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Table 4 Summary table of findings of update randomised controlled trials and their relevance to the meta-review questions

From: Systematic meta-review of supported self-management for asthma: a healthcare perspective

Reference and weighting; Participants, n; Risk of bias Comparison Relevance to meta-review questions: Study type and interventions included Target group(s) Main results
[1o] is the defined primary outcome
What is the impact?
Target groups?
Which components?
Al-Sheyab 2012 [48]
n = 261
HIGH risk of bias
Adolescent Asthma Action programme vs. standard care.
FU: 3 mo
Target: Adolescents
Components: Peer education
Cluster RCT.
Triple A. Peer leaders from year 11 were trained to deliver programme to years 8, 9 and 10.
Adolescents in Jordanian high school. I group had fewer females, fewer symptoms and higher English proficiency. Compared to control improvements QoL score improved [I: 5.42 (SD 0.14) vs C: 4.07 (SD 0.14) MD 1.35 (95%CI 1.04–1.76)].
Baptist 2013 [49]
n = 70
HIGH risk of bias
Personalised asthma self-regulation intervention vs. education session.
FU 12 mo
Target: Older adults
Components: Health educator
6-session programme (group telephone). Patients selected an asthma-specific goal, and addressed potential barriers.
Control is single session basic education + 2 telephone calls.
Aged ≥65 y. Physician diagnosis of asthma, no restriction in severity. Majority Caucasian. No between-group differences in A&E visits or hospitalisations. Healthcare utilisation was lower at 6 mo but not 12 mo. ACQ was similar at 1 mo and 6 mo. At 12 mo, I participants were 4.2 times more likely to have an ACQ score <0.75.
[1o] QoL (mAQLQ) was significantly higher in the I than in C at all time points (1, 6 and 12 mo).
Ducharme 2011 [50]
n = 219
LOW risk of bias
‘Take-home plan’ post A&E visit with PAAP + prescription information vs. prescription but no PAAP/information.
FU: 28 days
Target: Children, A&E attendees
Components: PAAP with prescription
Intervention is written PAAP with a ‘formatted’ prescription for ICS (i.e. including information about use) issued by A&E doctor on discharge following asthma exacerbation.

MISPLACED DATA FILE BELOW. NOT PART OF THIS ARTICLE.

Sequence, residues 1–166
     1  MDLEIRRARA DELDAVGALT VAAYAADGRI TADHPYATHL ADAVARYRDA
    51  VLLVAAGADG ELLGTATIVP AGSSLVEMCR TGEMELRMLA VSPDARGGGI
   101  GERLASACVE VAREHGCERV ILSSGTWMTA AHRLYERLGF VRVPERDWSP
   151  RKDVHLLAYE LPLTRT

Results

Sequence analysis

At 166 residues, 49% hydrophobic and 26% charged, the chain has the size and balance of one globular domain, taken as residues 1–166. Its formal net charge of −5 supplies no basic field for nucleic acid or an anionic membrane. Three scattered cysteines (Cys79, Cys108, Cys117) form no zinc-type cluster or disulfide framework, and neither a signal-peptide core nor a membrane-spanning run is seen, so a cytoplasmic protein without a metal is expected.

Canadian children 1–17 y recruited during A&E attendance for acute asthma (78% were under the age of 6 y). No between-group differences in unscheduled care at 28 days. Compared to control, at 28 days children given the PAAP had better asthma control (proportion with Asthma Quiz Score <2 I: 58% vs. C: 41%; RR 1.36, 95% CI 1.04–1.86).
No between-group differences in child/caregiver QoL at 28 days.
[1o] Adherence to ICS declined from 90% (day 1) to 50% at day 14, with no significant group difference.
Goeman 2013 [51]
n = 114
Low risk of bias
Person-centred education vs. written information.
FU: 12 mo
Target: Older adults
Components: Personalised education
Personally tailored education session with asthma educator based on responses to a questionnaire; inhaler technique.
≥55 y, community-based asthmatics with no restriction in asthma severity. [1o] At 12 mo I participants had better asthma control than C (ACQ MD 0.3, 95% CI 0.06–0.5, p = 0.01) and better asthma-related QoL (p = 0.01).
No significant difference in number of steroid courses (p = 0.17).
At 12 mo, more I participants (n = 36, 61%) owned a PAAP compared to C (n = 21, 38%; p = 0.015).
[1o] Similar adherence to ICS at 12 mo (p = 0.015).
Halterman 2014 [52]
n = 638
LOW risk of bias
Personalised prompts for clinicians and parents, practice training and feedback vs. written guidelines.
FU: 6 mo
Target: Children, deprived communities
Components: Feedback
Context: Community-based, clinical training
Cluster RCT.
Intervention practices received personalised clinician and parent prompts + blank PAAP; practice training; feedback.
Control practices sent guidelines.
Urban, primary care practices in deprived communities.
Parents/children 2–12 y with persistent, poorly controlled asthma. Recruited from waiting room over 4 ystudy.
11% in both groups had an A&E visit or hospitalisation.
[1o] Compared to control practices, at 2 mo children in the PAIR-UP practices had more symptom-free days [I: 10.2 days/2 weeks (SD 4.8) vs. C: 9.5 days/2 weeks (SD 5.1); MD 0.78, 95% CI 0.29–1.27] but the difference was not significant at 6 mo.
Nights with symptoms remained significant at 6 mo [I: 1.4 (SD 3.0) vs. C: 1.8 (SD 3.2); MD −0.43; 95% CI −0.77 to −0.09].
Horner 2014 [53]
n = 183
UNCLEAR risk of bias
Asthma plan for kids
vs. teaching on general health and well-being.
FU: 12 mo
Target: Children, rural communities Cluster RCT.
Programme delivered in 16 × 15 min sessions, 3 days/week for 5.5 weeks, by school nurses during lunch break + home visit.
Grades 2–5 (ages 7–11 y) with physician diagnosis of asthma. No between-group difference for admissions or A&E visits.
No between-group difference in QoL scores.
Inhaler skill improved in the intervention group compared to control after 4 mo, with reported higher self-efficacy.
Joseph 2013 [54]
n = 422
UNCLEAR risk of bias
Web-based asthma management intervention vs. control.
FU: 12 mo
Target: Adolescents, urban deprived, ethnic groups
Components: Web-based, behavioural change
Internet-based programme targeted at African-Americans/urban adolescents with traits (low motivation; low perceived emotional support; resistance to change; rebelliousness).
Grades 9–12 (ages 14–18 y) with physician diagnosis of asthma and report >4 days of restricted activity in the past 30 days at baseline. No difference in reported A&E visits/hospitalisations at 12 mo.